Casting my first bronze axe: A tribute to the many uses of Horse manure


As a more hands on person who tends to learn best by doing, rather than through books or other media, I often feel there is far too much emphasis on the theoretical in what I am learning in college and not enough on the practical (don’t even get me started on the Economics side of my course ), so when I heard the University was running a 3 day experimental workshop in Bronze/Iron age casting techniques, I jumped at the chance to get out and get my hands (and arms as well as the rest of me) dirty in the name of archaeology. And dirty it was; by the end of the 3 days I would truly appreciate the never ending uses of horse manure which was used in almost every stage of production.


Some brooches and a pin created in wax

The first day started off with us assembling to learn the “lost wax” method, where the item you wish to make is first sculpted using wax, then covered in various clay mixtures which are hardened by heating. When this mixture is heated, the wax melts leaving you with a hollow in the mold shaped like the wax item for you to pour your molten metal into (this is a one time process as the mold is broken to get the metal object out). After spending most of the first day sculpting the wax, our creations were then covered in a clay slip (clay and water mix) which is fine enough to catch the details on the wax. This was left to dry overnight.


The wax after covering with slip

After spending the first day indulging my artistic side by creating  a few wax items (which is a lot harder than it looks), we then got down to the nitty gritty part. The wax had to then be covered in what as far as I know has no technical name, but was affectionately referred to by the team as the “shitmix”. This was a mixture of sand, clay and horse manure that was given a good mix and smoothly applied to the outside of the wax items.


The wax molds after covering with the sand,clay and horse manure mixture.

While we waited for this to dry, we got to start work on another method of casting, using stone molds that the molten liquid could be poured into. There were a mix of stones to use, with soapstone looking like the easiest to work with; it was so fine you could carve something using only your fingernail. Sadly the stone I ended up working on was a little bit harder and after several hours and many blunted chisels,  little progress had been made.


Drying the molds on the fire

We then cleared an area  in the newly formed University College Dublin experimental archaeology centre  to work in and dug three holes, 2 for the fire pits which were created with generous helpings of our old friend the horse manure mixture, with either a ceramic disc or pottery shards at the bottom to prevent anything blocking the bellows. The third hole was filled with sand to hold the molds in during pouring. A separate fire was also created to heat the wax molds in order to dry the clay and melt the wax.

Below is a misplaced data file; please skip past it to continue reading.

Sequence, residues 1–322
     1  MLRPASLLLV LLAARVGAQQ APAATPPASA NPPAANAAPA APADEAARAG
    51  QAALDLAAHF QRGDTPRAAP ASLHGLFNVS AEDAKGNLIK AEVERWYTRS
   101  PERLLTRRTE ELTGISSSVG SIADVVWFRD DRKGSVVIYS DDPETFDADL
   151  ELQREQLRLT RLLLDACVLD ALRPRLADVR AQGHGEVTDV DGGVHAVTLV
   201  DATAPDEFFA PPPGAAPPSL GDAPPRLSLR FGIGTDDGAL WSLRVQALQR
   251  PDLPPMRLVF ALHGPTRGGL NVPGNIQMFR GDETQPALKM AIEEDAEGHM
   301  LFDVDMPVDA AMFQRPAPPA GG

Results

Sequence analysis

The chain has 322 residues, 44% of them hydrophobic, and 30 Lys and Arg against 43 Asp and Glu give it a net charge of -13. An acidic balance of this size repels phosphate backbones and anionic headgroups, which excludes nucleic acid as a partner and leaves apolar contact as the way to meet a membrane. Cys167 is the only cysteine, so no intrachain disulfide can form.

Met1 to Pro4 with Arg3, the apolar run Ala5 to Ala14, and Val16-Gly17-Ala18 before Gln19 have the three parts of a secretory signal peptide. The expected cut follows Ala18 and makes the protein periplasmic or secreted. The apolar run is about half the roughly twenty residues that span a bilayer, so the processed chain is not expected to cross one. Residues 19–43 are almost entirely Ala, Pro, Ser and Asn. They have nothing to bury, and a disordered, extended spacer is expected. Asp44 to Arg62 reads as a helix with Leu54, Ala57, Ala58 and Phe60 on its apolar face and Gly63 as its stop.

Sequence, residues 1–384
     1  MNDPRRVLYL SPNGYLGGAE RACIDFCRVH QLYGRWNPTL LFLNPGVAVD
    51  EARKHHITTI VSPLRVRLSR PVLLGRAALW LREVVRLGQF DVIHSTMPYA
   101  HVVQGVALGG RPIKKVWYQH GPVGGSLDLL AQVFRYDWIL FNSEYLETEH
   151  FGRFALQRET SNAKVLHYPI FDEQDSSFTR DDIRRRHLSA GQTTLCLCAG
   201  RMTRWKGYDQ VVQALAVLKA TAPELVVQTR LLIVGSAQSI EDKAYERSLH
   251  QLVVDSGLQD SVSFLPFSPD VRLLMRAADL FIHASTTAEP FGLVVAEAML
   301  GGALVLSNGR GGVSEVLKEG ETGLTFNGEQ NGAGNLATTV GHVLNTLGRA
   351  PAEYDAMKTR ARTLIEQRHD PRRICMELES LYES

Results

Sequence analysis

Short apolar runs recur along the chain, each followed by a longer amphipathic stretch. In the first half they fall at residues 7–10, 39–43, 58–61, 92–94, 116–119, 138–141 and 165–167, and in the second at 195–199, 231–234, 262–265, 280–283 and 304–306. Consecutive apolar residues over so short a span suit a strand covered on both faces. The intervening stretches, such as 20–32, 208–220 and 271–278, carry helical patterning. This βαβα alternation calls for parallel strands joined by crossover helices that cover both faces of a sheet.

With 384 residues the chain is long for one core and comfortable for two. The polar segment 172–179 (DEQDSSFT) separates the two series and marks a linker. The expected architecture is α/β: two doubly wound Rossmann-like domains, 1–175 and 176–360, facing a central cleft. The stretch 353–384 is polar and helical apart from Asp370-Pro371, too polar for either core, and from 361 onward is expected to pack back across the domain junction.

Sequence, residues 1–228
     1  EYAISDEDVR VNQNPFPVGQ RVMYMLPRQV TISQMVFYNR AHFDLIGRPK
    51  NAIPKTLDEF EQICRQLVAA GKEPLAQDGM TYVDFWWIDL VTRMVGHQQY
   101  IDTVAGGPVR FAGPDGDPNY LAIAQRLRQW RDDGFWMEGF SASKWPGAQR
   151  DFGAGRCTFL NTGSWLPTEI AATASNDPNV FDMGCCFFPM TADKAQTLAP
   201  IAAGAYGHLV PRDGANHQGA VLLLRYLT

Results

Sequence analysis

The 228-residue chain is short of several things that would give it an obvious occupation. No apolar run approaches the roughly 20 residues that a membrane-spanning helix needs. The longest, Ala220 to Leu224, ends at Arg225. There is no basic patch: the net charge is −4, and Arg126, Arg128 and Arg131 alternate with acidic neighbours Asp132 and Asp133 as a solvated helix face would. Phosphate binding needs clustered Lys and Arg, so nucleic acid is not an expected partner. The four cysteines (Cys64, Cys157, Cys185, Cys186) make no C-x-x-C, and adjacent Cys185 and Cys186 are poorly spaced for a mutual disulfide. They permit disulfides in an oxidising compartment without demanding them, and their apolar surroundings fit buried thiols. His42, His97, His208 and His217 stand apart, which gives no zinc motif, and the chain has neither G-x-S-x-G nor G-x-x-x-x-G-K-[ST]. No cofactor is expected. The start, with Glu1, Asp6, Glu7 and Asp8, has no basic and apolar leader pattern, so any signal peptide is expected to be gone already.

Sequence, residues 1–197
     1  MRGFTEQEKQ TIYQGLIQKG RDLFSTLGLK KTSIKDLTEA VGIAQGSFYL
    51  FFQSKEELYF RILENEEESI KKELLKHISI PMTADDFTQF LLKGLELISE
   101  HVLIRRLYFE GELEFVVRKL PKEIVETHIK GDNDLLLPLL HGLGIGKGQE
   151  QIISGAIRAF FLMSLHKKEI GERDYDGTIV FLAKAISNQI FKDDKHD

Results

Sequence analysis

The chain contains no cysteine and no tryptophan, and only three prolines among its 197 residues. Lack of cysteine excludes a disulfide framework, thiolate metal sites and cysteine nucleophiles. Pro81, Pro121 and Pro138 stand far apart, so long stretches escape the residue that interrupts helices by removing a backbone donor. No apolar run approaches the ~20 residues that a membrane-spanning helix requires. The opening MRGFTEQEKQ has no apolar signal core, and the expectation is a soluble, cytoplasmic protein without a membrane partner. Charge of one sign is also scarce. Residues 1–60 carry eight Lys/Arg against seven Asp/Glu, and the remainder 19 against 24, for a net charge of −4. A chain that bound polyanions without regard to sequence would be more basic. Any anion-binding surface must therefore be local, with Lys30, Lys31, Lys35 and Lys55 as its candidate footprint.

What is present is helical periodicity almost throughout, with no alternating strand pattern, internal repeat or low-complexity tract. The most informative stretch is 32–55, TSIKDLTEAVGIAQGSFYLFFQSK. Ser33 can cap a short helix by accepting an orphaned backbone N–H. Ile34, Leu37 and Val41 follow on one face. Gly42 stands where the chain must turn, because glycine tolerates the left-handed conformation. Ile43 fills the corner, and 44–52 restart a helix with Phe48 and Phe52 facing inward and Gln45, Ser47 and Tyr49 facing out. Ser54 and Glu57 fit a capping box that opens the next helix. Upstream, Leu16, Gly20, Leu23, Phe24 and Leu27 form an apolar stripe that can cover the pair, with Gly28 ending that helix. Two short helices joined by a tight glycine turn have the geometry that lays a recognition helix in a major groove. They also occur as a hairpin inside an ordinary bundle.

Two fire pits in action with one of the pairs of bellows visible

We wrapped up the second day by testing out the stone molds, casting various metals including the main one which was bronze. I was able to discover my love of using the bellows, (which are a lot trickier to use than you would think) plus it kept me low to the ground so the smoke wouldn’t get in my eyes ..


Billy prying out freshly cast axes from the stone molds


Not bad for first attempts

Day 3 was dedicated to casting the molds created with the lost wax method. We were running a bit short on time and metals so unfortunately we didn’t get to cast everything we wanted to. That said, I’m really happy with how my stuff came out and spent most of the day  polishing my axe from the previous day.


I’m sure there’s a euphemism in there somewhere

Overall I thought the workshop was a great success and showed the potential of the new experimental archaeology center in the college. I’m looking forward to seeing what they manage to do with it over the coming years and hope to come along to the pottery workshop they will be running there over the summer aswell as take part in the experimental archaeology course UCD offers next term. Special thanks goes to Billy (for teaching us everything), Aidan O’Sullivan and Conor McDermott for organisng this. All images courtesy of University College Dublin Centre for Experimental Archaeology and Ancient Technologies


Conor measuring and recording the days work 

For more information on Bronze age casting and anything Bronze age in Ireland, check out Umha Aois (bronze age), the group Billy is involved with


One thought on “Casting my first bronze axe: A tribute to the many uses of Horse manure

  1. Pingback: Casting my first bronze axe: A tribute to the many uses of Horse manure | Strong against the Storm

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